Budget & Spending

What is the budget allocated to the governmental authority (ministry, department or office) that is primarily responsible for youth and/or youth programming?
No documentation on the budget for youth in Mali could be found online. According to the World Bank, Mali spent 19.47% of its government expenditure and 4.80% of its GDP on education provision in 2011.
Total Expenditure on Education as a Percentage of Government Spending and GDP

  • % of GDP
  • % of gov. expenditure

Source: World Bank
Gaps indicate missing data from the original data source. (Accessed May 2014).

Additional Background

The 2009 report on youth vulnerability and exclusion highlights the nature of youth affairs in Mali:
Mali has been known for its persistent rhetoric regarding the centrality of youth and their issues in national political development efforts. This legacy and tradition naturally raise the profile of youth-related issues, particularly as they relate to unemployment and socio- economic and political challenges.
With regard to the historical role of youth in Mali’s political development, the report states:
It is difficult to determine whether this flurry of youth-focused institutional and programmatic activities were the result of the Touré’s realization that by their sheer number and because of the role they played in the overthrow of Moussa Traoré’s regime, youth are a political force to be reckoned with or a genuine political stance in favour of the socio-economic development youth. It is undeniable that Touré’s government did put in place a certain infrastructural and policy orientation for the benefit of youth. [...]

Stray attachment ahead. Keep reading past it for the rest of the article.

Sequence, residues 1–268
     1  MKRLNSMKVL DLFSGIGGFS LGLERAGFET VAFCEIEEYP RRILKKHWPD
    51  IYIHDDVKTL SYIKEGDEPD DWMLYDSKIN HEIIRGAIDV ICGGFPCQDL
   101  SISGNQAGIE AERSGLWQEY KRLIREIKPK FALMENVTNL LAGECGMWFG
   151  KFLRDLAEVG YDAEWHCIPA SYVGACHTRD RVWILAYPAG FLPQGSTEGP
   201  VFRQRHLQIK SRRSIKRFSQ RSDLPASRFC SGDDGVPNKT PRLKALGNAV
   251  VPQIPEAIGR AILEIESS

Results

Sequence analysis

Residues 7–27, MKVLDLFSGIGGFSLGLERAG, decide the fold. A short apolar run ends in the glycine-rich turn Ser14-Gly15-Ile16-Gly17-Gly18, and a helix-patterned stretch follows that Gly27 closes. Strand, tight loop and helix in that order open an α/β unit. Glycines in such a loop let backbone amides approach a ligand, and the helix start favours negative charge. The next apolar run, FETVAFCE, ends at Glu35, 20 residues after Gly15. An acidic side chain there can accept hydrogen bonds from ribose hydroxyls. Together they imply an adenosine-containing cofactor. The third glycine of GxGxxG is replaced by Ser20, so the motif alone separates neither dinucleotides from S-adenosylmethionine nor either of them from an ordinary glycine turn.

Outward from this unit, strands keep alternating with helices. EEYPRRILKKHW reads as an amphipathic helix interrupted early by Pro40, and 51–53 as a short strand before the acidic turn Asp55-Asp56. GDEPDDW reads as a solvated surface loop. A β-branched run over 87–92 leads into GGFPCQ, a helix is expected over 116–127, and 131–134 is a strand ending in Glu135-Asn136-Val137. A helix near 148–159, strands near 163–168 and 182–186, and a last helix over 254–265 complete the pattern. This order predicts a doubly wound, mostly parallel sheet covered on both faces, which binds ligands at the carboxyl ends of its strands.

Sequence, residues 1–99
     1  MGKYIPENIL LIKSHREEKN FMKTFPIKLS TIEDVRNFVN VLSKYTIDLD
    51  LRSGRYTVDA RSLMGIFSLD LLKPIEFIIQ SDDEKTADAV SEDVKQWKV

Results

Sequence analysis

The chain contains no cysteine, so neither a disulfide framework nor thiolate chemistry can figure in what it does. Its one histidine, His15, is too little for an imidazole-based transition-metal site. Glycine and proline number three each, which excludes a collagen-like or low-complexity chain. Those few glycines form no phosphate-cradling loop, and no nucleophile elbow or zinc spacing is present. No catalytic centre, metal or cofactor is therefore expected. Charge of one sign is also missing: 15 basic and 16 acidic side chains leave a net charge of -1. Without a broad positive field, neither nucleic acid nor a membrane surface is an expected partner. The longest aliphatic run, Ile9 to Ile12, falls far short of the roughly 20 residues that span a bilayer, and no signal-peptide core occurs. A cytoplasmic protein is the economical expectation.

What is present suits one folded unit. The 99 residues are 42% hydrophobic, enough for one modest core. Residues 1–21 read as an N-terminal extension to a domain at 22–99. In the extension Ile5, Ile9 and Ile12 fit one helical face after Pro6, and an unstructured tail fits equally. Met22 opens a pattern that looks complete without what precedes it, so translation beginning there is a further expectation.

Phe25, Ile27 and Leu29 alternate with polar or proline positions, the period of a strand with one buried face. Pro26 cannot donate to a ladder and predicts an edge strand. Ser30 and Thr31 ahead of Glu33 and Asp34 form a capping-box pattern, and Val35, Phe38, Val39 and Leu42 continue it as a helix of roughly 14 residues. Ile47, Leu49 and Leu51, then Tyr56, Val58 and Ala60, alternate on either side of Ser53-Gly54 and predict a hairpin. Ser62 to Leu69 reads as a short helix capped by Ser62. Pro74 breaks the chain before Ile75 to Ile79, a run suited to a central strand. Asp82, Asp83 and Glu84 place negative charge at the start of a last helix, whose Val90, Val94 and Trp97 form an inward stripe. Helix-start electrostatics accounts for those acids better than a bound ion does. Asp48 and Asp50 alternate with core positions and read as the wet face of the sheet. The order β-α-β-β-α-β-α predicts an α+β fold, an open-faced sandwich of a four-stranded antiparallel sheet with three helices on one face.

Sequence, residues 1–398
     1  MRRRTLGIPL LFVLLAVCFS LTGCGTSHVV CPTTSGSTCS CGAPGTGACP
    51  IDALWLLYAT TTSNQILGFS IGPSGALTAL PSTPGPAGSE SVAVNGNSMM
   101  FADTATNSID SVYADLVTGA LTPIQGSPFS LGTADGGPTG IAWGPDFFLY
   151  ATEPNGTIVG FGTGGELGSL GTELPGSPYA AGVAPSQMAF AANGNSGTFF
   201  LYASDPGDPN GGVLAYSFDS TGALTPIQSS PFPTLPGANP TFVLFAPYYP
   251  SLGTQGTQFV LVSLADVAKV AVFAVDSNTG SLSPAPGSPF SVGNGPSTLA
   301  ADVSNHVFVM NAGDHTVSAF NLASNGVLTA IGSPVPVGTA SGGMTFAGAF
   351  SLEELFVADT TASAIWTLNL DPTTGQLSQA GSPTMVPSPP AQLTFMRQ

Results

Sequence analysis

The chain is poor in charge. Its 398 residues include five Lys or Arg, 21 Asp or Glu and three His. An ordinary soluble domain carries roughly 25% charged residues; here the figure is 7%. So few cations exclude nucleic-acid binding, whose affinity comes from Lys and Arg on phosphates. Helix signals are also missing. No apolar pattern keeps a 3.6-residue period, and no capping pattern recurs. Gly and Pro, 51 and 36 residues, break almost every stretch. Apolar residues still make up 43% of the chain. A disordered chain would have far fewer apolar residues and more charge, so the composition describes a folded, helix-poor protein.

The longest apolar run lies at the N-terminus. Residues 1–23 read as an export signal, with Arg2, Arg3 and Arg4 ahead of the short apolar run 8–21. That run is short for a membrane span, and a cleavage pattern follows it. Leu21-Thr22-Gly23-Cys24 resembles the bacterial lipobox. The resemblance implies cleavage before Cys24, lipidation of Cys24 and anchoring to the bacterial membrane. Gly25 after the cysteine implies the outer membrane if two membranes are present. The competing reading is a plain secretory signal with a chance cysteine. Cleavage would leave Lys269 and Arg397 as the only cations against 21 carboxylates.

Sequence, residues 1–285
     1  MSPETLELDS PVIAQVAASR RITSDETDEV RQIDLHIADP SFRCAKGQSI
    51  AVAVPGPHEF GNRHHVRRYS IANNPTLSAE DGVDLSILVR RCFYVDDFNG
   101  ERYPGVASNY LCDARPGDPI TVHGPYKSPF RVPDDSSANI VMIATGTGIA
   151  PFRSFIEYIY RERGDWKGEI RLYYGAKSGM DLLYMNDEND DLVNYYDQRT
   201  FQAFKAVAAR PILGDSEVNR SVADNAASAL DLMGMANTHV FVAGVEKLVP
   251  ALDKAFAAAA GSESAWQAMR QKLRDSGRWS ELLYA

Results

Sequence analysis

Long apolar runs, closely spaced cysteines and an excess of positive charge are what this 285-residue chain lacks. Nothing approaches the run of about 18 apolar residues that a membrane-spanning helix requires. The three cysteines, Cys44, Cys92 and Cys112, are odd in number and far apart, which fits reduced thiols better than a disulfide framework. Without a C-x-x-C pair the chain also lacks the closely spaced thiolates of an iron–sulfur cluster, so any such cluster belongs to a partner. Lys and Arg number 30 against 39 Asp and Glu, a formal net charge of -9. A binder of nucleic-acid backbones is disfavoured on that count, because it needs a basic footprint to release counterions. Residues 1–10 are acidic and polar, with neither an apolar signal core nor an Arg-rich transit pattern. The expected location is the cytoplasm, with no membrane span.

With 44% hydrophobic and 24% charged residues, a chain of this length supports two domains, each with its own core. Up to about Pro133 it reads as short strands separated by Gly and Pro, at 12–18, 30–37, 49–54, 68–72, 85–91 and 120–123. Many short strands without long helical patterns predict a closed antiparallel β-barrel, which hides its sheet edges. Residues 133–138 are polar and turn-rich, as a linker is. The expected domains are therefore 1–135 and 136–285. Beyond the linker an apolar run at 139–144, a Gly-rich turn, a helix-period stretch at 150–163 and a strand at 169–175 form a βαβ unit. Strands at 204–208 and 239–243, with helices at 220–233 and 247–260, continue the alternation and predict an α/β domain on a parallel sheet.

This is particularly true for young Malians from the north of the country, where socio-economic conditions and a rekindled rebellion intensify the level of frustration against the Malian state, which is accused of ignoring the plight of people from the north, particularly the youth.

The 2014 European Parliament 2014 European Parliament report on the Mali crisis and conflict, highlights the issues of unemployment:
Three clear employment trends are observable in Mali, weak job creation despite positive economic growth rates, the expansion of informality and the increase in unemployment, especially among youth. Despite healthy annual average economic growth rates, Mali’s unemployment rate has increased in the last decade and currently stands at 9.6 per cent [...]. According to Mali’s PRSP, 300,000 young persons approach the labour market each year and a large number of them seek employment in vain. This leads to increases in poverty, especially in urban areas, and may lead, over time, to stresses in society [...]
Informality is high, with nearly 87 per cent of the labour force working in the informal sector and on low incomes.